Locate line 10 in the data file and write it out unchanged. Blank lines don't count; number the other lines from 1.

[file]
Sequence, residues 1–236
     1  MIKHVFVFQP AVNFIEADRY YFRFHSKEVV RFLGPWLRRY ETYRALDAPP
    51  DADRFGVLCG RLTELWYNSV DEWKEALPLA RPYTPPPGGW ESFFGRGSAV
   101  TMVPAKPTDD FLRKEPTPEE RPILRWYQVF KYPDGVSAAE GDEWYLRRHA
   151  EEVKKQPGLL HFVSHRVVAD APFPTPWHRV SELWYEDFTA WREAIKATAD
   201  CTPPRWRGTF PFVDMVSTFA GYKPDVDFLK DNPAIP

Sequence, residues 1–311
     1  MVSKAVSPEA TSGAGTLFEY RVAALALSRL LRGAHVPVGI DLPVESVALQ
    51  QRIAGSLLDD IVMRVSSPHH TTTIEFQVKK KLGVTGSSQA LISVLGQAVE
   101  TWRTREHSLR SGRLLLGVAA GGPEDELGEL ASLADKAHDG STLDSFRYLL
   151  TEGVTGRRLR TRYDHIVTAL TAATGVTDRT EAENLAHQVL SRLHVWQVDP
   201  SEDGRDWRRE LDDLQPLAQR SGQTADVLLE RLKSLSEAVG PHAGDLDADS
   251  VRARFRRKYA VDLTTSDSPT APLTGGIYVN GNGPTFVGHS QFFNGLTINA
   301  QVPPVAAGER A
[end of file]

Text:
   101  TWRTREHSLR SGRLLLGVAA GGPEDELGEL ASLADKAHDG STLDSFRYLL